The transmissions were said to have been forwarded on to a computer in Charlotte by Atta in the months leading up to the September 11th attacks.
"I can't say specifically if these are, but these do look familiar and they may very well be and we passed that on to the FBI," said sheriff Bill Clement.
In September, Clement held a news conference regarding the e-mails. They appear to be forwards of a mass mailing. One details the passing of a Muslim figure and asks for prayers.
Another refers to a Muslim girl attending American University in Cairo and mentions students making insults against Islam and the prophet Muhammad. The correspondences came through a vendor at the local airport called Eastern Avionics.
A salesperson believes he sold a headset to Marwan al-Shehi, Atta's partner in crime, and somehow got added to their group e-mail list. When he started getting messages, some of them in arabic, he turned them over to the sheriff.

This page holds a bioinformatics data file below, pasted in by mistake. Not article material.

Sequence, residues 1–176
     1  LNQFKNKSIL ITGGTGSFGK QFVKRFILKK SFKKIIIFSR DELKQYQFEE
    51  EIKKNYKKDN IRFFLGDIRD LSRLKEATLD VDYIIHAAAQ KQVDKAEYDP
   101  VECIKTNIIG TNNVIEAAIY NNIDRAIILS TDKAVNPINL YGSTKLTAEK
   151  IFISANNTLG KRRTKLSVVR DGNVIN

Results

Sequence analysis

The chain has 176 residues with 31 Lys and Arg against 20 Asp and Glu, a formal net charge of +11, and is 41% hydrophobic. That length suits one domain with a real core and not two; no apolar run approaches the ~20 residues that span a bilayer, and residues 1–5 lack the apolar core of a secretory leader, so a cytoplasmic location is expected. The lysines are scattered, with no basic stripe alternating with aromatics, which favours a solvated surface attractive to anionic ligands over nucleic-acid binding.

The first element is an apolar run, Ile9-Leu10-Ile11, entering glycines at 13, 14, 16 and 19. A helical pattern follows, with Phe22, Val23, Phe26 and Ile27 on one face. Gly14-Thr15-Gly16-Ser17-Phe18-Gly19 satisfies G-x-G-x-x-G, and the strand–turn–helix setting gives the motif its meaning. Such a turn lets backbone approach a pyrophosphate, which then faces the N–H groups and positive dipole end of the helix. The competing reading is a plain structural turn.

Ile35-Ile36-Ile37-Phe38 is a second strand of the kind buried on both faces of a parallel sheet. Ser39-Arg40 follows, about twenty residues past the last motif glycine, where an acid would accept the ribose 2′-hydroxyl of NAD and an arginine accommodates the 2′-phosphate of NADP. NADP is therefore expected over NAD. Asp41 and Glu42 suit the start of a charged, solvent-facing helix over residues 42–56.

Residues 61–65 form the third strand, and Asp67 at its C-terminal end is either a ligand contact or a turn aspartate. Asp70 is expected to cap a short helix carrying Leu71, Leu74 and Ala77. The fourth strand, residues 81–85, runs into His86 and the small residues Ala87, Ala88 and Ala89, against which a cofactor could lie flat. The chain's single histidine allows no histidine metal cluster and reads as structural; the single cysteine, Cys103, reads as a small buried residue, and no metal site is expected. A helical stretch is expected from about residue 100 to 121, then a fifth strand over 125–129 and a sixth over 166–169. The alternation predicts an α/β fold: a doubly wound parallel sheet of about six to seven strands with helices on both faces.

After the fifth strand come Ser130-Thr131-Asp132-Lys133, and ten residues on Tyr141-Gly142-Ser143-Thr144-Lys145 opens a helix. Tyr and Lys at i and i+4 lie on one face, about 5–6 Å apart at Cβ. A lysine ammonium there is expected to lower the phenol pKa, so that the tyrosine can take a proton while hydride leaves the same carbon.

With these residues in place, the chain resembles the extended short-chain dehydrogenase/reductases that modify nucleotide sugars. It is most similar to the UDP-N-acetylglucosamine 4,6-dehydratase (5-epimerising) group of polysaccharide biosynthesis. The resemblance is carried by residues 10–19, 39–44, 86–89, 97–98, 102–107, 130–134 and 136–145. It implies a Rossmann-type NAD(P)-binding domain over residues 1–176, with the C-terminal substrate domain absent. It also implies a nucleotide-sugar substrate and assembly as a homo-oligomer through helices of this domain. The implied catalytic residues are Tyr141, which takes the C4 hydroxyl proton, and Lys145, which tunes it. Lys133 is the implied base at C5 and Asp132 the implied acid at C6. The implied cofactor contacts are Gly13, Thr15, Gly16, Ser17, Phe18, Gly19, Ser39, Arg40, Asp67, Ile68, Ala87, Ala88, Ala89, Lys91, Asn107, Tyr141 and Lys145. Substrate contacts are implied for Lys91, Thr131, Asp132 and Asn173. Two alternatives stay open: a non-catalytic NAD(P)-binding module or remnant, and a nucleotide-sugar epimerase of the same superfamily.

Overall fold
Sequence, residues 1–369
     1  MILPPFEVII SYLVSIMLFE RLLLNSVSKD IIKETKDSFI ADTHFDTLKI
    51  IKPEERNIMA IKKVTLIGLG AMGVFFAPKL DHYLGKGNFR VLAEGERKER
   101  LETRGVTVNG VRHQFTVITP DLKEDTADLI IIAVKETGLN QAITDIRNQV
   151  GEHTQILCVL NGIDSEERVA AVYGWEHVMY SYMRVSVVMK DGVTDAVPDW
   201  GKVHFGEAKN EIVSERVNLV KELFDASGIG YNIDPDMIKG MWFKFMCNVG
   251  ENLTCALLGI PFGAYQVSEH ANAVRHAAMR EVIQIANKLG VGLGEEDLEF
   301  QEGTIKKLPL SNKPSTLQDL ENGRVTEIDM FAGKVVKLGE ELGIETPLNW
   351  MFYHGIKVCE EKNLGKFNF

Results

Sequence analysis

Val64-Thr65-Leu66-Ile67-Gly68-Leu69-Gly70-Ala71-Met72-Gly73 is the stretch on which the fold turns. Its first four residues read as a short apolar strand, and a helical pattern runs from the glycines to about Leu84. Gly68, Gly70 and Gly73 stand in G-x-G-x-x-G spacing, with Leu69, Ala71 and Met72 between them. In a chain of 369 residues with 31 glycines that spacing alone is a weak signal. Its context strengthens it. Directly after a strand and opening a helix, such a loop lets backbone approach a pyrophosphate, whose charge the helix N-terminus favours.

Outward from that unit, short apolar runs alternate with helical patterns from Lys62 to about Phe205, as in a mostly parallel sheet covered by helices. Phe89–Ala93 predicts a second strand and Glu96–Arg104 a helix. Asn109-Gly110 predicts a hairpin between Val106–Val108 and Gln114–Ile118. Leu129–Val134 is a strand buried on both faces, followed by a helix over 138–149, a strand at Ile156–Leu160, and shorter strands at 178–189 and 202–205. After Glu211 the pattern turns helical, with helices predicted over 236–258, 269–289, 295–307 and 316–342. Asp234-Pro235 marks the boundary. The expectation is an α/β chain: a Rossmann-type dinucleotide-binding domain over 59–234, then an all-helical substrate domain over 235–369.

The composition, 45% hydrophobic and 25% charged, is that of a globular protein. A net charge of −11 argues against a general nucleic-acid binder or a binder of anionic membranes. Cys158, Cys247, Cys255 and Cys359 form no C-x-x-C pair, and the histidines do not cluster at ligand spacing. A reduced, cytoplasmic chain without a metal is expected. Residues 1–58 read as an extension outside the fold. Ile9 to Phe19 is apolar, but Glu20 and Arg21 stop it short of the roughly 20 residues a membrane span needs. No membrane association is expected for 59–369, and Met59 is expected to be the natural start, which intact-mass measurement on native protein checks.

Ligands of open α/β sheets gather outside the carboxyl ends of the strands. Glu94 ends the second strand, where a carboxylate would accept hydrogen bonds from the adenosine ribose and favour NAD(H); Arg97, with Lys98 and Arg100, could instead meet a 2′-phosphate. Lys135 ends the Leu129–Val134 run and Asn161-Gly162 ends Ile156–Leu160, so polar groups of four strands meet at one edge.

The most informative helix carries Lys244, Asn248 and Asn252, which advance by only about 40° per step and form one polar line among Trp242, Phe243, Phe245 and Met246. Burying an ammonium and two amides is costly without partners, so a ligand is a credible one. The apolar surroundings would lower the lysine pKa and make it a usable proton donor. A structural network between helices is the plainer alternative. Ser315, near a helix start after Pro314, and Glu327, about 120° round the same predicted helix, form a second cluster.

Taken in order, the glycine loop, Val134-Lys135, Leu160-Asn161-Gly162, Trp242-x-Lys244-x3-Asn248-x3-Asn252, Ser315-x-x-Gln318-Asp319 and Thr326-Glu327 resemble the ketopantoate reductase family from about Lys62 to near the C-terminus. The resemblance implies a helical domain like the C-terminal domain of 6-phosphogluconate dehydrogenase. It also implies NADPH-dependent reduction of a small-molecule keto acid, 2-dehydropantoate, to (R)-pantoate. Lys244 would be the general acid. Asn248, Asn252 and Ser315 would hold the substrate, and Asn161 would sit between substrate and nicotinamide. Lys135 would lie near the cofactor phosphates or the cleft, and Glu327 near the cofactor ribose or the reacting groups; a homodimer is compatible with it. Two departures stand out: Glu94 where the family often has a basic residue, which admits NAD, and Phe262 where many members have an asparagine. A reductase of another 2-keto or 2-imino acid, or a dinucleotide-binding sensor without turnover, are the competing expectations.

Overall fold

The FBI took all of the documents, stripping them from a hard drive at Eastern Avionics. The agency's interest may go beyond the text.
"The interesting part's where there were some e-mail addresses that could be gleaned. I think they were gonna be investigated," Clement said.
Atta's name never appears, but people say they saw him in the area.
"The picture in the paper looked really familiar and people from the airport said, Hey you know they were here," said Cathy Mohr of the Tailwinds Café.
The sheriff's office doesn't know if the e-mails contained critical information or not - their investigation ended when they turned them over.
The feds don't share any of their information, even with local law enforcement.
But it is feasible that the terrorists visited the area, since they trained
in Venice and it's a short flight. It's common for students to fly the airport,
eat, and maybe shop with the airport vendors.
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